Elegant gold laurel wreaths twirling to form a delicate ring or breath-taking cuff bracelet symbolise victory and honour in Greek mythology – timeless characteristics that are mirrored throughout Chopard’s collections.
The honourable trailblazers create stunning handcrafted pieces in Geneva from the finest Fairmined resources and ethical gold, making its collections completely sustainable and traceable – from the raw material to the final product.
At an intimate event showcasing the luxury watchmaker’s exquisite creations, Chopard Asia Pacific CEO Stephan Ritzmann explained the brand’s strong desire to change the ways of the luxury jewellery industry.
“It is a bold commitment, but one that we must pursue if we are to make a difference to the lives of people who make our business more possible,” – Chopard Co-President Karl-Friedrich Scheufele
The Swiss watchmaker uses 100% ethical gold in its sophisticated masterpieces, adorning celebrities worldwide and marrying Fairmined gold with opulent designs, making Chopard an industry leader.
Ethics have been at the core of Chopard’s philosophy since it was acquired by the Scheufele family 55 years ago, and as of July 2018, all of the company’s gold creations have been made from 100% ethical gold.
“It is a bold commitment, but one that we must pursue if we are to make a difference to the lives of people who make our business more possible,” Chopard Co-President Karl-Friedrich Scheufele says.
In an exclusive event, where every detail down to the petit macrons and modest pink roses mirrored Chopard’s sustainability journey, the luxury jewellery house showcased an intricate collection made from ethical gold sources.
The philanthropic European jewellery house, which has 50 different crafts under one roof in Geneva, sources sustainable gold from two avenues. Ethical materials either come from a refinery with traceable roots certified by globally recognised councils, or from small artisanal mines where 85% of existing materials are used by Chopard and later recycled.
Chopard can track the entire journey from start to finish – something the family-operated company envisioned decades ago with its bespoke gold foundry. The craftsman is able to meld gold into any desired form, so the product is personalised in an exclusive way.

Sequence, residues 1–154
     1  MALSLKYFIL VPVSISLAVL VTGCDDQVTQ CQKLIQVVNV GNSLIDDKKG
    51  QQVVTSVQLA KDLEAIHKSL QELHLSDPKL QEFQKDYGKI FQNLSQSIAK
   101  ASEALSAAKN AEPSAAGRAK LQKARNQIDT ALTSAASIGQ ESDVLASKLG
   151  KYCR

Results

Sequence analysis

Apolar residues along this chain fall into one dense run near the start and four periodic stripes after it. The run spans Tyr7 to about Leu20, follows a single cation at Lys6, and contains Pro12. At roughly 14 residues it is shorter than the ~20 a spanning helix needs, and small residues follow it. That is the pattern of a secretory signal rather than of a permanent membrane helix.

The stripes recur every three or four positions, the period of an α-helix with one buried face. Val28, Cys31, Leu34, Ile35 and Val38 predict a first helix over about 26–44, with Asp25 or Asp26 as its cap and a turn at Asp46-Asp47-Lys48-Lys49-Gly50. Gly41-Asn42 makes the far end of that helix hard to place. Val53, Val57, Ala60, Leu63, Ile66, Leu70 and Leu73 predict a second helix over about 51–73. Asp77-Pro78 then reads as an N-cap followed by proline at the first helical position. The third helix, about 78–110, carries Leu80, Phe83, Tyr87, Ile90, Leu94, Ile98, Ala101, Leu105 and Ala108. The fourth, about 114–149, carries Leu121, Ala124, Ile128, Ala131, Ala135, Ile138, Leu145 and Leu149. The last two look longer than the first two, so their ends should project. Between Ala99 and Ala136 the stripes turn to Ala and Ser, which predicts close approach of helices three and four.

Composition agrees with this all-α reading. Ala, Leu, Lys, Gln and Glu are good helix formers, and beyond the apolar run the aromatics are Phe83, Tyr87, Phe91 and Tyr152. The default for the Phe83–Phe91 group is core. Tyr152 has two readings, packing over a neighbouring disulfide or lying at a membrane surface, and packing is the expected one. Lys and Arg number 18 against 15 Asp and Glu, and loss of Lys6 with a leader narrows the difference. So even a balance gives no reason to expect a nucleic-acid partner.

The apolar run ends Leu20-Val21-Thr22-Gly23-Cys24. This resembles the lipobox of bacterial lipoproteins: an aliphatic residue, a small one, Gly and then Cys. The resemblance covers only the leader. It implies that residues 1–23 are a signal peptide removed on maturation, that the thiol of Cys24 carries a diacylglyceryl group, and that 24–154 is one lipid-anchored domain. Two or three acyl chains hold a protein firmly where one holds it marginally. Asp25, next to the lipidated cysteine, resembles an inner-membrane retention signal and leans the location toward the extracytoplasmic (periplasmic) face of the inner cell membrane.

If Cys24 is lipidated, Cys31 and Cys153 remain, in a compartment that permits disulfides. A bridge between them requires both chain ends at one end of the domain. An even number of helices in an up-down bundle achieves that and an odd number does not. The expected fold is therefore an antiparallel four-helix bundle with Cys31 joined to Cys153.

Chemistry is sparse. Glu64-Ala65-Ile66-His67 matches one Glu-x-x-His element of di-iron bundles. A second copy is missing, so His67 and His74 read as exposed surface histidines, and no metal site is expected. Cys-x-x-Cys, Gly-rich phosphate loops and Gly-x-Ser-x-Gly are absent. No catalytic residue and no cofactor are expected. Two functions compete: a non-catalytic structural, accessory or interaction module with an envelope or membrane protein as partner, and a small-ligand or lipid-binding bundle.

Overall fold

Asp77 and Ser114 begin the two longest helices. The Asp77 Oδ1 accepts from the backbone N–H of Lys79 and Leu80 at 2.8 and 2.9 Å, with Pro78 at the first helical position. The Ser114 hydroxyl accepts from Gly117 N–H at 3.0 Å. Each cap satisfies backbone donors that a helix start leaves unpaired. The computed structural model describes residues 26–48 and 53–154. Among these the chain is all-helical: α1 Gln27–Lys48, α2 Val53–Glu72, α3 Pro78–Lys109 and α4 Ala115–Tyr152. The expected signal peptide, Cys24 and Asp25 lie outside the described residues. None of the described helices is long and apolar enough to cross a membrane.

The luxury brand, which was founded on the business of crafting decorated pocket watches, has had a strong presence in South America since 2013, where it strives to encourage gold miners to increase the availability of ethical gold, and create a social knock-on effect with more jobs.
In an exclusive event at Sydney’s hidden gem of a store, where every detail down to the petit macrons and modest pink roses mirrored Chopard’s sustainability journey, the luxury jewellery house showcased an intricate collection made from ethical gold sources.
“As a family run business, ethics have always been an important part of our family philosophy,” Chopard Co-President and Creative Director Caroline Scheufele says. “Naturally, we have always put ethics at the heart of the values of Chopard.”
The Journey to Sustainable Luxury was launched in 2013 starting with Chopard’s Green Carpet collection (including a delicate cuff bracelet and matching earrings) which boasted a very important product line exclusively created with Fairmined gold at the 2013 Cannes Film Festival.
Focusing on the early manufacturing stages, the European company encompasses respectful sourcing and traceability of raw materials to produce breathtaking creations with a story to tell.
More than three decades ago, the expert watchmakers established a rare in-house gold foundry in 1978, ensuring the company had complete control of the artisan creations from manufacturing to final product.
Through investing in artisanal gold and creating its own number of small-scale mines, the 158-year-old company became the first luxury watch and jewellery company (with a partnership with the Alliance for Responsible Mining) to support and enable mining communities to achieve Fairmined Certification.
Chopard, who have been a certified member of the Responsible Jewellery Council since 2012, additionally strives to continue responsibly sourcing emeralds, opals from a remote Australian mine, and RJC-certified diamonds.